Banking apps are being used more than ever before by US customers, according to a survey by the American Bankers Association (ABA).
This marked the first time that smartphone apps came out on top since this channel was first introduced to ABA’s surveys in 2009.
However, the trend was not a direct result of Covid-19, the association said, as although app usage had increased, this channel was already the most popular channel at the beginning of this year.
According to the latest survey, mobile apps were being used by 39% of Americans polled during the pandemic, up slightly from 36% before the crisis.
At the same time bank websites have received a similar uptick in use from 29% to 32%.
Bank branch visits have fallen from 17% to 10%. In the same timeframe.
“Banks have made innovation a priority, investing in tools to give consumers faster and more secure access to their money,” said ABA senior vice president of innovation strategy Rob Morgan.
“Consumers were already embracing mobile banking prior to the pandemic and this survey shows that even more people now appreciate the ease of use and convenience these platforms offer. I expect the adoption rate only to grow from here.”
In June, research by JD Power ranked Truist, Capital One and Huntingdon as having the best apps for consumer satisfaction.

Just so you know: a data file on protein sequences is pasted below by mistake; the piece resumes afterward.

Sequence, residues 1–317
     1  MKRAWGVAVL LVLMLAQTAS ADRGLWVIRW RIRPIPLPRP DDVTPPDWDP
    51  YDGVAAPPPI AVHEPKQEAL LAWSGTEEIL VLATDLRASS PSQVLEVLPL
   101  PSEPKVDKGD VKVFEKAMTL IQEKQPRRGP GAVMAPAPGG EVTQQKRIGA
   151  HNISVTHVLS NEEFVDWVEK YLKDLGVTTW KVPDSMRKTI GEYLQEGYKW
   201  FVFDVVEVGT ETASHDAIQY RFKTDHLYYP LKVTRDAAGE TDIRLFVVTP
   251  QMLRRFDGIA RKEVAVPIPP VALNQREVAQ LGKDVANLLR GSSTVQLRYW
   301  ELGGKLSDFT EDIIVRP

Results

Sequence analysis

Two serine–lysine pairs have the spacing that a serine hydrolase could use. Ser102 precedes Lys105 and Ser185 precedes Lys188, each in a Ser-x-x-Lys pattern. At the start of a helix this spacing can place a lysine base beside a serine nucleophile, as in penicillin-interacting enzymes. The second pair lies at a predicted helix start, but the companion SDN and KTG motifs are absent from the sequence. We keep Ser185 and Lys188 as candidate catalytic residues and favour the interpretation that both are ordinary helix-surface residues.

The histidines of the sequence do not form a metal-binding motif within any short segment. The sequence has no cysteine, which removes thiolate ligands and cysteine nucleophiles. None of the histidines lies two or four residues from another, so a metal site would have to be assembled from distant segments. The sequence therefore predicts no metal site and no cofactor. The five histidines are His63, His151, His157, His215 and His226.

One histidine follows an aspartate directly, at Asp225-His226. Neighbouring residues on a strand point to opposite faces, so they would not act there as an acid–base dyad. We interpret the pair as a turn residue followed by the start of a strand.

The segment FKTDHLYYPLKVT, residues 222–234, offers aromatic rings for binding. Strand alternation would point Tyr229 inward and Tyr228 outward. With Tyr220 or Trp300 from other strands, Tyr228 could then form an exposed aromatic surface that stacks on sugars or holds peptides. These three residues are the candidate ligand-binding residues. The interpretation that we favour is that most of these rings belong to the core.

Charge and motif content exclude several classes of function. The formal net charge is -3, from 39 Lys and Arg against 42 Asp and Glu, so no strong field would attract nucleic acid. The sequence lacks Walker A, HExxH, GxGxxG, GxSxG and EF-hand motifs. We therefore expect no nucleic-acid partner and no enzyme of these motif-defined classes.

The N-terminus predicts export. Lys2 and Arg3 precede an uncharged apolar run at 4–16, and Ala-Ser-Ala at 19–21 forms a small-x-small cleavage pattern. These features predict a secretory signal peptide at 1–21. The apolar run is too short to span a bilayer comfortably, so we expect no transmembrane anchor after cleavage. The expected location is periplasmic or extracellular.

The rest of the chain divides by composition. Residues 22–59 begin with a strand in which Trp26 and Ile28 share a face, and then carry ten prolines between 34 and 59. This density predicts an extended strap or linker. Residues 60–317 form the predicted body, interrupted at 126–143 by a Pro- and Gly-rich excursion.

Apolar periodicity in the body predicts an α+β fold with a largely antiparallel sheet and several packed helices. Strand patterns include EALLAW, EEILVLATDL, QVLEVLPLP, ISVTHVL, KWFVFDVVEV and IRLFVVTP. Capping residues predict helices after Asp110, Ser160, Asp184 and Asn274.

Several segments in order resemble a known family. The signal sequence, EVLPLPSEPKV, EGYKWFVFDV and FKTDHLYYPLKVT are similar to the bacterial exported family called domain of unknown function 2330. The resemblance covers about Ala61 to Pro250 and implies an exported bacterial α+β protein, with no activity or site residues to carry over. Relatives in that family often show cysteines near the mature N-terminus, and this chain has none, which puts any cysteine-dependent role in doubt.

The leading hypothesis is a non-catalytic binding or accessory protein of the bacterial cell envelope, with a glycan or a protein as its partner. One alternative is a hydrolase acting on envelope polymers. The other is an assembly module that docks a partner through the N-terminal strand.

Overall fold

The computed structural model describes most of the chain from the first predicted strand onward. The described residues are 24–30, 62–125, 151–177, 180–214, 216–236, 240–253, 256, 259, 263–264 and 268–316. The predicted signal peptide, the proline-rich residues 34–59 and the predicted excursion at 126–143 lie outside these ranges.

The ABA survey also detailed how different age groups were using banking apps. Over half of Generation Z and Millennial respondents confirmed they were using these apps both before and during the pandemic.
At the same time the survey found Baby Boomer customers were more likely to be using bank websites than apps, with this being the most used channel for 38% of respondents in this age bracket. Before the pandemic branch visits were still the second most popular channel at 25%.
Since the pandemic, branch visits have fallen across the board and were only used by 15% of Baby Boomers.
The Covid-19 pandemic has had a major impact on how people interact with their banks, according to multiple studies. In April, just a few weeks into the crisis, payments firm ACI Worldwide said that more than half a trillion real-time payments were expected to be made over the next five years as digital payments became the norm.
Mobile wallets are expected to reach a market size of $7.6 trillion by2027, according to a report from Allied Market Research, published in June.